Rosa rugosa and its hybrids
Edgar Anderson and W. H. Judd
No exotic rose has made itself more at home in New England than the Asiatic species, Rosa rugosa. From the Bay of Fundy to Long Island Sound it is found growing spontaneously on sandy beaches quite as though it were a native American species. First reported as running wild in 1905, it is now known from the Elizabeth Islands, the Penikese Islands, Yarmouth, Nova Scotia, and from many intermediate points. In some of these situations it has merely "jumped over the fence" from a nearby garden. But in many of them, as on the Gurnet at Plymouth, Mass., it is found making itself thoroughly at home on isolated sand spits far from any garden.
Rosa rugosa is a rampant, thrifty grower and is most decidedly a plant for the shrub border rather than for the formal rose garden. It can be trusted to look after itself more than can most roses, for it is winter hardy and resistant to such diseases as "black spot". If the bush becomes too large and scrawny it can be cut back ruthlessly close to the ground and will respond with clean new growth. It is particularly useful in situations where ordinary roses would be killed in cold winters or in seaside gardens where its natural tolerance of salt water gives it a special advantage.
The foliage is a shiny dark green and is held crisply erect. In the typical form, the flowers are dark magenta, single, and very large, sometimes reaching over five inches in diameter. There are varieties which are semi-double as well as white-flowered and pink-flowered varieties. The flowers are borne more or less throughout the summer and are succeeded by brilliant fruits which gleam like large enamelled beads among the dark green foliage. When the frost comes the leaves also turn color and finish the season in glowing shades of orange and scarlet.
Quite as interesting as the species itself are the numerous hybrids which have been made between it and other kinds of roses. It has been remarkably fertile in crosses, and hybrids with the following species have been recorded: R. arvensis, R. chinensis, R. odorata, R. borboniana, R. palustris, R. blanda, R. carolina, R. Roxburghii, R. multiflora, R. Wichuraiana. Even in the Arboretum's modest collection of hybrid roses there are over fifteen which carry the blood of Rosa rugosa. These hybrids are now in flower in the Shrub Collection. Most of them are grouped together in one bed at the south edge of the collection; a few will be found scattered among the other species of roses. They are particularly interesting when considered as a group and compared with their parent species. In all of them the influence of R. rugosa is evident in their shiny, rugose leaves, large flowers, and vigorous growth. Unfortunately, some of the undesirable characteristics of R. rugosa seem to have been passed on quite as regularly, for nearly all of the hybrids have weak flower stems and a somewhat weedy habit of growth. All in all, however, they are a fine lot of flowering shrubs and should be much better known. As the president of the American Rose Society has said, "They are of yet unrealized garden value".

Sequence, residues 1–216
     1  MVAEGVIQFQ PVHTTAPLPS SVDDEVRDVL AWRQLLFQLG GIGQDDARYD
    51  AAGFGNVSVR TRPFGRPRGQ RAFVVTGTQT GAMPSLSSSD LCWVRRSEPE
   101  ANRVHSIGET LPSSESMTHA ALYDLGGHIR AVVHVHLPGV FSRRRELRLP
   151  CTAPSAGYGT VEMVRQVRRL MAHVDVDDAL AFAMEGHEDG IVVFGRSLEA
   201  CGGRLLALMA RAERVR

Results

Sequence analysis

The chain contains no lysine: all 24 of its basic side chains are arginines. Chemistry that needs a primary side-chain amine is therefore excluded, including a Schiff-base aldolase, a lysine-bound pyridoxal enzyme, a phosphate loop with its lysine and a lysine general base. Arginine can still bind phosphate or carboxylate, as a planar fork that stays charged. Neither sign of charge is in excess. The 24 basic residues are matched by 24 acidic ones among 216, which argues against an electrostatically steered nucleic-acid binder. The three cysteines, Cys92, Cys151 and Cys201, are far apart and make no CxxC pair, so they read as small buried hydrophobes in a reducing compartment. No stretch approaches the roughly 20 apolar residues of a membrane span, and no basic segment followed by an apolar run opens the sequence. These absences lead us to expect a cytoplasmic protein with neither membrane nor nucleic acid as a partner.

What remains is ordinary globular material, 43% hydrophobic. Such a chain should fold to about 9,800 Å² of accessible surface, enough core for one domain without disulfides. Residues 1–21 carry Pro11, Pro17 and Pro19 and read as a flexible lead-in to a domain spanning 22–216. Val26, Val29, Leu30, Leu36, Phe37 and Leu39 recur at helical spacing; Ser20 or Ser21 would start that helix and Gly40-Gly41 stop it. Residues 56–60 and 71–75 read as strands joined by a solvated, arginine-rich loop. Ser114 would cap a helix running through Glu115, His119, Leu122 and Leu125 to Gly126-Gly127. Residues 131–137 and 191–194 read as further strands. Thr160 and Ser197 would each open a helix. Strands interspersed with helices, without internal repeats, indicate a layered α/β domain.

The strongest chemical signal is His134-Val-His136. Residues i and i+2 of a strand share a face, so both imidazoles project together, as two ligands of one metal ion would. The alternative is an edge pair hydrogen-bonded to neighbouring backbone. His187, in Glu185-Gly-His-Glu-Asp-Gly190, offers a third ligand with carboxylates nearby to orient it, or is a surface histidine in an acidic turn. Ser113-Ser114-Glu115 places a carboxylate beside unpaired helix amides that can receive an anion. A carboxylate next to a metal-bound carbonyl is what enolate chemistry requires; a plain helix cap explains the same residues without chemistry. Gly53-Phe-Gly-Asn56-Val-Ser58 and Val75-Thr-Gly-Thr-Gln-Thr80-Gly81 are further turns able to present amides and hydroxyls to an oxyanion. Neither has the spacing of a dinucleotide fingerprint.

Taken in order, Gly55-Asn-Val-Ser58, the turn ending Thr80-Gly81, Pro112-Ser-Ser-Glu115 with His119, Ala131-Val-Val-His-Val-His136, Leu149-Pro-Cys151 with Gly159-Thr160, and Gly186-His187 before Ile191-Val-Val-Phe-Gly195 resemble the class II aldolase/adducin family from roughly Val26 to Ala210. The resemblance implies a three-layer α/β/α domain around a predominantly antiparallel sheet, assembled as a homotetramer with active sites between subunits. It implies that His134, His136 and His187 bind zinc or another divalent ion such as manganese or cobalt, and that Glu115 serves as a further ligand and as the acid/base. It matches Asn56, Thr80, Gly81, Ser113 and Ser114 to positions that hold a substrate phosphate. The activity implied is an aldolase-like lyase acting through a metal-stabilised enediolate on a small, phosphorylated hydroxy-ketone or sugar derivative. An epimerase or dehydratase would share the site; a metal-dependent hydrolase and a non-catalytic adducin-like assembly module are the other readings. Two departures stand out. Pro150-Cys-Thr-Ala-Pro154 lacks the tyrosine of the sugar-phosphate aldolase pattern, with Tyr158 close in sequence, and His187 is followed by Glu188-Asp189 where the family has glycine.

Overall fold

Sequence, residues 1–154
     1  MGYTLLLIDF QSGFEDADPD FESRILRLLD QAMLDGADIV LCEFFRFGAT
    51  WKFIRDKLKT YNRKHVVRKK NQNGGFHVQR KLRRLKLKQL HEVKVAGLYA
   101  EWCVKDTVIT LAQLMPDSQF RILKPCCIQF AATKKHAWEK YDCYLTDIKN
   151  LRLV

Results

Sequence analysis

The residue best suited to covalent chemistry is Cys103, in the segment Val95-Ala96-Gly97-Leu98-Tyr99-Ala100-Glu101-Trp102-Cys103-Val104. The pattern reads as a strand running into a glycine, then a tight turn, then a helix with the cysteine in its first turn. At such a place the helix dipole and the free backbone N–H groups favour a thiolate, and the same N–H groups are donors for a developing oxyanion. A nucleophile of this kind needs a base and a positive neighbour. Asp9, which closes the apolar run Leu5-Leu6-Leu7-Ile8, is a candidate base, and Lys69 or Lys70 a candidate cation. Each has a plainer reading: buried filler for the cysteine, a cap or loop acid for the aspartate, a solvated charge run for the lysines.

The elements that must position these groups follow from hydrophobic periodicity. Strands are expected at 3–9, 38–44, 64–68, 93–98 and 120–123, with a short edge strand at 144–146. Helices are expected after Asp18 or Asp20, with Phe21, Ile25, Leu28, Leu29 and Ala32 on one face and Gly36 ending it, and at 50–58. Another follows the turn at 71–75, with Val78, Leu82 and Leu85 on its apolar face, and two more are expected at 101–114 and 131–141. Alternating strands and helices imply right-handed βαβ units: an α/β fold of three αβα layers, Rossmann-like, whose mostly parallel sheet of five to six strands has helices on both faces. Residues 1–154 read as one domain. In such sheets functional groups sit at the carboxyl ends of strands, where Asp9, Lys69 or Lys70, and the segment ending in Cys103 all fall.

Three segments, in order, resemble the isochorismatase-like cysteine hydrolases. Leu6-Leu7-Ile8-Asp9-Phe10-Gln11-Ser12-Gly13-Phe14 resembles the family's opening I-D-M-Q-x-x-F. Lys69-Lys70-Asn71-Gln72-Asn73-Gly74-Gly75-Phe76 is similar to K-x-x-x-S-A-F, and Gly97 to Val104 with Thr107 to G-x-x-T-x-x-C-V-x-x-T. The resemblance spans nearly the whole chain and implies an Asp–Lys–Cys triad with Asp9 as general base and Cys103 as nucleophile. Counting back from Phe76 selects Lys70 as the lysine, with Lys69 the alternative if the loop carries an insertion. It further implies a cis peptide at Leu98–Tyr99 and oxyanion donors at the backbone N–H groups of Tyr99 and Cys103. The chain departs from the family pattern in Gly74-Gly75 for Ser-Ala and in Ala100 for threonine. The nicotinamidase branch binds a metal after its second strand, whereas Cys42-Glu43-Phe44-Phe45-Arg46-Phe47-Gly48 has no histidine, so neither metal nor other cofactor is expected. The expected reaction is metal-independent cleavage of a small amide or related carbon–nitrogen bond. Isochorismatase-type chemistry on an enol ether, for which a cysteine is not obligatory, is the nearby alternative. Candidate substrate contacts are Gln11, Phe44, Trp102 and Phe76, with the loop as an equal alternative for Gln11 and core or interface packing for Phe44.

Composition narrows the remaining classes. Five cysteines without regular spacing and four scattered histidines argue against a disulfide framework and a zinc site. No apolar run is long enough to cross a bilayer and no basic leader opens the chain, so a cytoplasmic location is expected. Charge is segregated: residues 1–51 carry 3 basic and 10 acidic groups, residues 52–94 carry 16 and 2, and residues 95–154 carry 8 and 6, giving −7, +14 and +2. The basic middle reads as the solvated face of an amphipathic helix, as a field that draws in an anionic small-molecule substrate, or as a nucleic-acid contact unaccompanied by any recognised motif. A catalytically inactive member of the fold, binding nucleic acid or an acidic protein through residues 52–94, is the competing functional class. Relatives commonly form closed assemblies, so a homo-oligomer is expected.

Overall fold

It would seem as though many of these Rugosa hybrids might be useful in producing new varieties of hardy roses. It should be possible in further crosses to keep the better Rugosa characteristics and lose the less desirable ones. For the convenience of those amateurs who are doing breeding work with roses, the pollen of the hybrids in the Arboretum's collection has been examined in the Cytological Laboratory. In the following discussion the percentage of fertile pollen, as determined by microscopical examination, is reported for each hybrid where buds were available for study.
|Rosa rugosa var. kamtschatica|
Lady Duncan (R. rugosa x R. Wichuraiana).
Pollen fertility 20%.
A vigorous trailing rose, useful for holding banks, but not suitable for growing on a trellis. Flowers very large, fragrant, single and a vivid, clear pink. Foliage dark green, resistant to black spots. This was one of the hybrids produced by the Arboretum's first propagator, the late Jackson Dawson.
Max Graf (R. rugosa x R. Wichuraiana).
Pollen fertility 20%.
Very similiar to LADY DUNCAN, and therefore probably of the same ancestry, although R. setigera has been reported as one of the parents. The flower buds and foliage are slightly darker than those of LADY DUNCAN and the plant is somewhat more vigorous. This hybrid was raised at the Bowditch Nurseries in Pomfret Center, Connecticut, and bears the name of a gardener who was with the firm for many years. In the vicinity of Chicago, MAX GRAF has been used extensively as a bank cover in gardens along the Lake Michigan bluffs. In eastern Missouri it has withstood successfully the cold winters and blazing summers of that trying climate.
New Century (R. rugosa x R. multiflora "CLOTILDE SOUPERT").
Pollen fertility 10%.
Flowers large, fragrant, flesh-pink and fully double. Foliage light green. This variety and SIR THOMAS LIPTON were both originated by the late Dr. Van Fleet of the U. S. Department of Agriculture, who is known particularly for his hybrid climbing roses, SILVER MOON and AMERICAN PILLAR.
Sir Thomas Lipton (R. rugosa x R. multiflora "CLOTILDE SOUPERT").
Pollen fertility 20%.
Though this rose came from the same cross as did NEW CENTURY, it has much more the appearance of the next variety on the list, BLANC DOUBLE DE COUBERT. Like that variety its flowers are white and fragrant, sometimes showing a trace of pale pink in cloudy weather. It is reported as being much more of a continuous bloomer than the other large-flowered Rugosa hybrids. The foliage is dark green and glossy, the bush large and vigorous. Its general effect in the landscape is very fine.